CNN | Houston Democratic Mayor Annise Parker is pulling hard for state Senator Wendy Davis for Texas governor, but acknowledges it is still a “red state” and her fellow Democrat has a tough fight ahead of her.
Appearing in Washington this week, Parker expressed strong support for Davis, saying “it is possible” for her to win. “I’m going to do whatever I can to help her do that, and as the Republican party in Texas turns more and more and more to the right, at some point the trend lines are going to cross,” she added.
But she also told the Dallas Morning News in an interview before her appearance at the National Press Club on Tuesday that Parker faces tough odds.
“But it’s still 54-46, or about that, and that’s what Texas has been for a long time. It’s an uphill battle,” Parker told the newspaper.
Davis and Texas Attorney General Greg Abbott, a Republican, are the frontrunners in their respective primaries for governor.
They hope to succeed Republican Gov. Rick Perry, who has said he will not seek a fourth term. No Democrat has won the state’s highest office since Ann Richards in 1990.
Determined and openly gay, Parker is backing some controversial agendas Texas, including: health benefits for same sex couples and immigration reform.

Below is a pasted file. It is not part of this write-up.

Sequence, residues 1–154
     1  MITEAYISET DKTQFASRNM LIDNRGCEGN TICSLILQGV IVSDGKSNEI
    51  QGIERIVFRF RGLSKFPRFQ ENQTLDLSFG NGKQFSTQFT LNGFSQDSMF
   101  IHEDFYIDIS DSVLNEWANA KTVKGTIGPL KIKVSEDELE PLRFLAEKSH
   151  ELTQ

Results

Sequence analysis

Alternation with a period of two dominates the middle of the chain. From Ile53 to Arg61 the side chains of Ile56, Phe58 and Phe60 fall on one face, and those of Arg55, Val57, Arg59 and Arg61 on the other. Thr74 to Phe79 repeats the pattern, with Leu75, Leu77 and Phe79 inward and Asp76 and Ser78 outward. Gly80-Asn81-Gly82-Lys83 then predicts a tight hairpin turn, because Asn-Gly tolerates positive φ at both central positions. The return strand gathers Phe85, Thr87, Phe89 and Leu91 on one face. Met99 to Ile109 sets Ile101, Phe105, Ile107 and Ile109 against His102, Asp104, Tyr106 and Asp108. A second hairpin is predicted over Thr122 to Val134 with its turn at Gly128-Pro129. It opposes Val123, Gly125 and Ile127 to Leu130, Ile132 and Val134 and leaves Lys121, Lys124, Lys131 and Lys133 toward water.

Citing a June Supreme Court ruling that was a victory for same-sex marriage, Parker recently announced that Houston would offer health and life insurance benefits to “legally married couples,” including same-sex couples.
A member of President Barack Obama’s Task Force on Climate Preparedness and Resilience, Parker also said “immigration reform” is a primary issue she would like to see resolved before the 2014 election.
According to Parker one out of five Houstonians is foreign born and much of that global aspect is driven by the city’s international oil and gas industry.
“It is an economic imperative, particularly in border states and border cities for comprehensive immigration reform with a path to citizenship for these people who are living in our communities and are building our economies today,” she said.
As to her future, Parker said she has no political plans, yet. But she would have to think “long and hard about anything I want to do to stay in politics because there is no better political job in America than to be a big city mayor.”